The Minister of Works, Sen. Dave Umahi, has warned indigenous and expatriate contractors engaged in the construction of road projects across the country against substandard work.
The minister, who gave the warning in Abuja at a meeting with contractors handling federal roads, said sub-standard work was no longer acceptable.
Umahi said most of the roads currently being constructed in the country could not last for seven years after construction
He frowned at how contractors cheat Nigerians with the materials they use to construct roads in the country.
“Our expatriate contractors, this cannot happen in any of your countries; it cannot.
“Anywhere there is a project going on, the first thing that is done is for the convenience of the people. I feel we are being taken for a ride, and we are being taken for granted.
You feel you are doing us a favour; you are not doing us a favour; this is business, and this attitude must stop,” he said
He also decried the discomfort and pain Nigerians face while travelling on federal roads, saying he had to feel their pains when he travelled to Edo from Abuja.
He said the contractors constantly increase the cost of projects and cheat the country through contract variations and the use of asphalt materials, which are subject to the international price of crude oil.
According to him, there is no project being constructed right now in Nigeria that is going to last for seven years.
“The question is, are we going to be maintaining or reconstructing our roads every 10 years?
“That is what we have been doing. I travelled from Abuja to Benin City through Lokoja; all the stretches of the road are on contract and ongoing; this is through the policy of the last administration, but how much of the roads are motorable?
“I travelled through the roads myself, and I shed tears for the kind of pain our people are going through.
“I spent 14 hours on the road, having started my journey at 10 a.m. and getting to Benin City at 2 p.m. the next day, and I was very happy I experienced the pains.
“President Tinubu said I must travel through all the projects so that I will brief him on my experience and tell him the truth,” he said
Umahi further said he had stopped the signing of the funds to be released to contracts that are seeking price variations for their contracts, adding that Mr. President was not aware of such increases.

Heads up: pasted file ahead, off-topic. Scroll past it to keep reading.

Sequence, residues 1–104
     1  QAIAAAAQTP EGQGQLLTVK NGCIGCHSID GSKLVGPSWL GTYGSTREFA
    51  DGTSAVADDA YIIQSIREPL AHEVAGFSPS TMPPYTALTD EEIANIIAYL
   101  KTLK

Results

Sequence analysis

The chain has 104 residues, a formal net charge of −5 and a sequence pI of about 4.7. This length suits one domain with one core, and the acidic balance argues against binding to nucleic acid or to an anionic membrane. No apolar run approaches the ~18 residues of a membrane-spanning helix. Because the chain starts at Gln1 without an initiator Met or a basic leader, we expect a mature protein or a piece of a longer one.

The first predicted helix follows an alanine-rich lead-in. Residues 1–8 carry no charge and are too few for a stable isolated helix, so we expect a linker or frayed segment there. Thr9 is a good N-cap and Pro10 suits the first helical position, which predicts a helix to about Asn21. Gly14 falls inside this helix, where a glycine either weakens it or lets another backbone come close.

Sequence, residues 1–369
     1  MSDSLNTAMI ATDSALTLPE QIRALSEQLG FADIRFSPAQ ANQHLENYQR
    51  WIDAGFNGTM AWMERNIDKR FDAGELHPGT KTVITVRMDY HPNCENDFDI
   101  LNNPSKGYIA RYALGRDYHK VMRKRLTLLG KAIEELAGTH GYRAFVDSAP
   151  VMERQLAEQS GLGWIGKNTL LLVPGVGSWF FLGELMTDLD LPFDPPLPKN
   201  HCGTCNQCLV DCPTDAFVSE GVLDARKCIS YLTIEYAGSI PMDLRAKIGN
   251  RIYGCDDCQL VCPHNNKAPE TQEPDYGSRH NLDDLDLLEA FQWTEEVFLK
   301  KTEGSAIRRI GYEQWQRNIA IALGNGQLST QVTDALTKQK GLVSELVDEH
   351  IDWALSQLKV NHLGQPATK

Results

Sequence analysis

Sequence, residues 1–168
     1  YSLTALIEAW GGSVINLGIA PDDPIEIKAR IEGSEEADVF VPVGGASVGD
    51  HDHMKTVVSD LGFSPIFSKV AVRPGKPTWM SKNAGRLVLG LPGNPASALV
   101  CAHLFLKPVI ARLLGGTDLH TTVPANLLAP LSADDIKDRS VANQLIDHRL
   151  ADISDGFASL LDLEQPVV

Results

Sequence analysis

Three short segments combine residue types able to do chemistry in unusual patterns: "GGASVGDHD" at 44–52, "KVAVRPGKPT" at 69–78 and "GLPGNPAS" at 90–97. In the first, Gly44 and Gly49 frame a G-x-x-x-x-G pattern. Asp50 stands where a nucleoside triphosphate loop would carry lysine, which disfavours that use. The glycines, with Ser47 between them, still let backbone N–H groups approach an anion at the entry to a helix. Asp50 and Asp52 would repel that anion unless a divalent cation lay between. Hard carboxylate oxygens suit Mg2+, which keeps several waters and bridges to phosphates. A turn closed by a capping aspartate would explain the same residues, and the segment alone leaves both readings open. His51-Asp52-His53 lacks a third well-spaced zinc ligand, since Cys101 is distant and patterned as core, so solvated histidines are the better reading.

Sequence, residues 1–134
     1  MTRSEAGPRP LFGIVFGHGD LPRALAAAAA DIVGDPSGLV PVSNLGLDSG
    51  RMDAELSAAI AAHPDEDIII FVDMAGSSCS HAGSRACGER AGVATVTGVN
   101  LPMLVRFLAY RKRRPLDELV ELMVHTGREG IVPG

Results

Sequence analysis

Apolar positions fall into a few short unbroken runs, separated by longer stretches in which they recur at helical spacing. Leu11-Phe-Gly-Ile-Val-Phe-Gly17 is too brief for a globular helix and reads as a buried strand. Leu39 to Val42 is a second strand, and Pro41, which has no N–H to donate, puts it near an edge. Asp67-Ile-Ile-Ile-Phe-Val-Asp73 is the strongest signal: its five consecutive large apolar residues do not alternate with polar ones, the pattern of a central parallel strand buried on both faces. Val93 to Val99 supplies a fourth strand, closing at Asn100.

The minister debunked the claim that the price of cement would go to N9,000 if the government started making concrete roads, saying that it was blackmail against him by the people who don’t want progress in the construction industry.
He added that he was doing his work with the fear of God.
“This is my line of instructions. I will do whatever the president instructs me to do, and he is the only one and God who can cancel my instructions, so don’t waste your time reporting me to anyone apart from these two.
“No matter the amount of blackmail and lies, it will not prevail. I travelled to the south-west, and I am not totally unhappy with the project there and the supervision, as I gave them 80 marks.
While critiquing workers in the ministry for not doing their supervision of contracts as expected, he said they had blood on their hands for the number of people who died in road accidents and those who were kidnapped.
“Unless Mr. President does something about it, his lofty intention to help this country may not be totally achieved. Documents will be sent to the Bureau of Public Procurement (BPP), where they will stay for six months.
“How will the contractors do the additional job you directed them to do without a backup authorisation?
“I am warning all directors to get their controllers back to work. I want to see all the roads motorable; trucks should be off the road; any road where trucks fall, I recall the director,” Umahi warned.
Also at the stakeholders meeting, President of the Council for the Regulation of Engineering in Nigeria (COREN), Prof. Sadiq Abubakar, said the council was delighted to be part of the meeting.
According to him, the minister has shown a peculiar direction in bringing change to the sector.
He said Colin was going to do a follow-up and have a meaningful engagement with the contractors.
He complained that there was a lot of non-compliance on the aspects that have to do with expatriates’ engagement in the country, especially quota allocation, adding that Nigeria, having been admitted to the Washington Accord, demanded compliance.
Abubakar, therefore, appealed to the directors to bridge the gaps noted by the minister, adding that COREN would do its own due diligence.